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Articular Disc

The articular disc (discus articularis), also known as the joint disc, is made up of tight connective tissue fibers in which fibrocartilage is embedded. It is a curved disc that is thickened at the edges; it is 1 to 1.5 mm thick in the middle and 3 to 4 mm thick at the edges. The articular disc is fused throughout to the joint capsule, so that it divides the joint into two compartments and makes it into a double joint.

There is a capillary gap between the articular disc and the condyle, which is known as the inferior joint space (spatium articulare inferius). As the articular disc rests on the condyle like a cap, rotary movement can take place in the inferior joint space. Sliding movement is permitted by the superior joint space (spatium articulare superius) between the disc and the mandibular fossa. Viewed as a double joint, the superior joint space can be seen as a sliding joint in which the disc is able to slide forward and backward with the condyle on the articular surface sloping forward and downward. In the inferior joint space, which can be seen as a hinge joint, the condyle rotates in the concave surface of the disc.This means that if one part of the joint is unable to function, the functioning of the other part is still guaranteed.

The lateral pterygoid muscle with a few tendinous fibers radiates into the joint capsule and into the disc, which is then pulled forward during forward and lateral movements.

The functions of the articular disc are as follows:

  • It divides the joint cavity into two functional compartments, which makes the special functional movement of the mandible possible.
  • Compressive forces are cushioned by the disc or distributed to a larger area to protect the mandibular fossa and condyle.
  • The separation into a pivot (rotary) joint and a sliding joint means that friction is distributed over twice the area.
  • The incongruence is balanced out by the articular disc.
The TMJ permits all movements that enable humans as omnivores to process both plant and animal food. Furthermore, the TMJ enforces a separation of the dentition into a working side and a nonworking side. Lateral jaw movements are necessary to prepare the food, and the bites of food are always processed on one side of the dentition only. This makes it necessary to separate the nonworking side so that there is no interference with gliding movement on this no-load side. This separation is achieved by:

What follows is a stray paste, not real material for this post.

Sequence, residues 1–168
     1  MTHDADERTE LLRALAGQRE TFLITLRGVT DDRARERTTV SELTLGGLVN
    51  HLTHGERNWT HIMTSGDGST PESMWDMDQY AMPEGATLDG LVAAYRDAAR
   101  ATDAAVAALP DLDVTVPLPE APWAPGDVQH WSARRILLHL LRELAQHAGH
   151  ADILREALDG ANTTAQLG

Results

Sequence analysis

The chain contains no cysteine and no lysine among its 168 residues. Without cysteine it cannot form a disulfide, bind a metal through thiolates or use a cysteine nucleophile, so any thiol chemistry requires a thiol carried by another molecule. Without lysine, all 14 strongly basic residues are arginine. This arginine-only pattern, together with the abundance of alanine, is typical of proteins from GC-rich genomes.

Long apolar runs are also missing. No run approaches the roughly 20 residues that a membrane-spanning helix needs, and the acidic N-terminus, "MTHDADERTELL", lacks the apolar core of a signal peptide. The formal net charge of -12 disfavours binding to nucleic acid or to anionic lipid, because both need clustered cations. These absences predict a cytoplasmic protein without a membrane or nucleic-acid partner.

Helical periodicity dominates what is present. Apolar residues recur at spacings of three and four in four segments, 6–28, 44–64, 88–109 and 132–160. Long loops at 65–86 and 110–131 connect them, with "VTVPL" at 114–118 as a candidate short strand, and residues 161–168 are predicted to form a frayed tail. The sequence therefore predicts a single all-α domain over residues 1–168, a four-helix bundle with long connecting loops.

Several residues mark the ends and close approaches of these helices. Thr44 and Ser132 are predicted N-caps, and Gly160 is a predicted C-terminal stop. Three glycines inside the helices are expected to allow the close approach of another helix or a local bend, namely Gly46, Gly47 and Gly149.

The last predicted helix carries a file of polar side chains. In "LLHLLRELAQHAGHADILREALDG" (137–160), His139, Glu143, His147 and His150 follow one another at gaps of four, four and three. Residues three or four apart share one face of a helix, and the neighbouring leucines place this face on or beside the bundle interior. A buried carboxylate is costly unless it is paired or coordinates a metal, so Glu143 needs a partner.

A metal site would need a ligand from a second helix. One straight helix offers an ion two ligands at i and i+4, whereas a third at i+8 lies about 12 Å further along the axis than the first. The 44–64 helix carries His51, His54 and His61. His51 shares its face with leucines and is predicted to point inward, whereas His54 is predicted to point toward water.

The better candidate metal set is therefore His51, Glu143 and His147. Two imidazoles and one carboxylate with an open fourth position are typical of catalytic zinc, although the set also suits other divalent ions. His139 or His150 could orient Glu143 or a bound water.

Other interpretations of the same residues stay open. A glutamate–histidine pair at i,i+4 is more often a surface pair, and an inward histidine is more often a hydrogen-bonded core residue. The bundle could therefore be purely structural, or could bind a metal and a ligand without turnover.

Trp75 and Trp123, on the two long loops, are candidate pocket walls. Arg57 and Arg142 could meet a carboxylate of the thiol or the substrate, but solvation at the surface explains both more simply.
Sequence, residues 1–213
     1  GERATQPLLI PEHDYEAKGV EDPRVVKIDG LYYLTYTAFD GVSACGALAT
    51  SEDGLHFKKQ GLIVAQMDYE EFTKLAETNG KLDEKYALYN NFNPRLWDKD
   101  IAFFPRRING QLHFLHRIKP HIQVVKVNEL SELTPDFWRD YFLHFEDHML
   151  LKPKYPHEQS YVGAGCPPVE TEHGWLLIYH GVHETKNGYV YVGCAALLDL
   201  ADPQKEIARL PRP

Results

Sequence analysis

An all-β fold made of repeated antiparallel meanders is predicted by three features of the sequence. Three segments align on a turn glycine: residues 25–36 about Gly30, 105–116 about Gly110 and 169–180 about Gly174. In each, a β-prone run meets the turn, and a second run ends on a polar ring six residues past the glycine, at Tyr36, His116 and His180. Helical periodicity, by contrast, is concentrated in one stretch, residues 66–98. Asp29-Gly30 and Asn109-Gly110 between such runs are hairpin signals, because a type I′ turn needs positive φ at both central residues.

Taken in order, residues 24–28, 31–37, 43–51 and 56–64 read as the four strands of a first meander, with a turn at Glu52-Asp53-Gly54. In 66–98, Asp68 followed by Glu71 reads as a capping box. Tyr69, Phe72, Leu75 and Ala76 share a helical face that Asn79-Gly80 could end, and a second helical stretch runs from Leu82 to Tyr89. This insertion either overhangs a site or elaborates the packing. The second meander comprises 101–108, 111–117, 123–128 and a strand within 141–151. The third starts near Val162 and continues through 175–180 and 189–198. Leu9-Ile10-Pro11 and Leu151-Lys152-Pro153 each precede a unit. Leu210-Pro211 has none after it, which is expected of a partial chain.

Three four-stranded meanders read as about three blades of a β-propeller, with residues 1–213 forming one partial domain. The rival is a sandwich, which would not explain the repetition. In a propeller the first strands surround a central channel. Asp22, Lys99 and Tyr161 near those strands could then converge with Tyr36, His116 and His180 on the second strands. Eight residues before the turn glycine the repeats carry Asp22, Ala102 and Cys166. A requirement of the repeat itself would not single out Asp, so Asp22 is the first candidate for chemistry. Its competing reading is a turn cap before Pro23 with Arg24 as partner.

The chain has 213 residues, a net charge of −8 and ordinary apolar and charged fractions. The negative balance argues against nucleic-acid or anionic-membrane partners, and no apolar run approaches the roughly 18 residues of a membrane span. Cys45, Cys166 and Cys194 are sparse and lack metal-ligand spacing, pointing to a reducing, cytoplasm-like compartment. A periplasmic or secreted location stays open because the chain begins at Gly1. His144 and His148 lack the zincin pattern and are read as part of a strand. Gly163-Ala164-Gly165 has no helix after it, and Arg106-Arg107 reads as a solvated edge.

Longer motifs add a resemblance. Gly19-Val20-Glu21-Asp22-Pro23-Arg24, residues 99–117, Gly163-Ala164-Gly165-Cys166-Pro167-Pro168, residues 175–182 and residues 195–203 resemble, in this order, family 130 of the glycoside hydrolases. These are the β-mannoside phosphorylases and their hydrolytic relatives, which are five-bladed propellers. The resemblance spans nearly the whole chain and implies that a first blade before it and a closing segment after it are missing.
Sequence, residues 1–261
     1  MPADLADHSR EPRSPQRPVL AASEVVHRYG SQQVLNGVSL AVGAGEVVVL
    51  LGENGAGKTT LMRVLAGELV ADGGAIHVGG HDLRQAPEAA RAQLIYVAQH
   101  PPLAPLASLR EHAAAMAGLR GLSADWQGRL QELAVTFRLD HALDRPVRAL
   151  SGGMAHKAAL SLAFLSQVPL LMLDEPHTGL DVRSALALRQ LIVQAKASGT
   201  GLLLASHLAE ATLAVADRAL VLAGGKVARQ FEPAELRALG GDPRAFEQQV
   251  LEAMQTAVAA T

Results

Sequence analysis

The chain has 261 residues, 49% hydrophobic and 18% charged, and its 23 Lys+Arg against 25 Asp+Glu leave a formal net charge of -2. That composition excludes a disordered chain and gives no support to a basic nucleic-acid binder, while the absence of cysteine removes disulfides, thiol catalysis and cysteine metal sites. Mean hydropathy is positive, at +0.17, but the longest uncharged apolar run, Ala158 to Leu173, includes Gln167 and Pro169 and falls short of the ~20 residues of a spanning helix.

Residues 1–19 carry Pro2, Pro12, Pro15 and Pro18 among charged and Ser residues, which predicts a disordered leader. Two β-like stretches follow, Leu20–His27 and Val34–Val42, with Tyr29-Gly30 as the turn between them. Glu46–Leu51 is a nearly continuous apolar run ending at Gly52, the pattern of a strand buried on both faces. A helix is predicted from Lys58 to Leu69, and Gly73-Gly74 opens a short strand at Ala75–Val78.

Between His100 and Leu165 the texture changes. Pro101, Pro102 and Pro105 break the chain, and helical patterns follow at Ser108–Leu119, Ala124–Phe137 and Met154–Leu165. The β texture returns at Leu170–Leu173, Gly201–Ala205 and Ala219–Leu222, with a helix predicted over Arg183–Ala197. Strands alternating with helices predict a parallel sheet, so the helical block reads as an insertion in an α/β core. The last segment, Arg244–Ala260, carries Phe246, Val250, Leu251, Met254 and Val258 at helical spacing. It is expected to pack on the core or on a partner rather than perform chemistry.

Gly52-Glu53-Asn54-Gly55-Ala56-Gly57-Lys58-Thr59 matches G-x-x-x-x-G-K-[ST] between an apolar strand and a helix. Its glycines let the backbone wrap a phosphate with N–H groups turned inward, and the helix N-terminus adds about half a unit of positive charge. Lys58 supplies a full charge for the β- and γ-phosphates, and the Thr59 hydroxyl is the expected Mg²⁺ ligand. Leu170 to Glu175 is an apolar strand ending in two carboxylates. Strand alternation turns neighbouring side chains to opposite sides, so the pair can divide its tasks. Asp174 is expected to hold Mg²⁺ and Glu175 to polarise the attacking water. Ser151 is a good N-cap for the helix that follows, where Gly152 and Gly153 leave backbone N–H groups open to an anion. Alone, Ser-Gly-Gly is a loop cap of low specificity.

• The slope of the condylar path in two directions in space, namely in the horizontal and vertical planes
  • The inclination of the teeth within the occlusal curves
  • The particular direction of pull of the muscles, especially of the lateral pterygoid muscle, which enforces Bennett movement
  • The articular tubercle, on which the condyle glides during lateral and forward movement
The structure of the human TMJ permits complex movements of the mandible, in contrast to the limited movement possibilities in animal jaws. The jaw joints in pure carnivores will only allow its cylindric joints, which are firmly held by the close-fitting joint fossa, to perform simple hinge movements; these allow very simple vertical opening and closing movements. The pointed, sharp-edged teeth of these animals slide past each other when the mandible is closed, and they interlock closely with each other. Carnivores only need to tear their food or crush bones; they do not require any lateral or forward movement.

In herbivores, the jaw joints have very flat, convex joint cavities, in which flat condyles sloping in a transverse direction come to rest. This joint structure permits flat, lateral grinding movements. The noncanine chewing surfaces are designed for crushing raw, solid plants.

Jaw joints of rodents have narrow, grooveshaped joint cavities in which narrow cylindric joints are set in a sagittal direction; these permit forward and backward movement. The rodents' teeth are very flat and inclined in accordance with the type of movement performed: the maxillary teeth inclined outward and the mandibular teeth inward.

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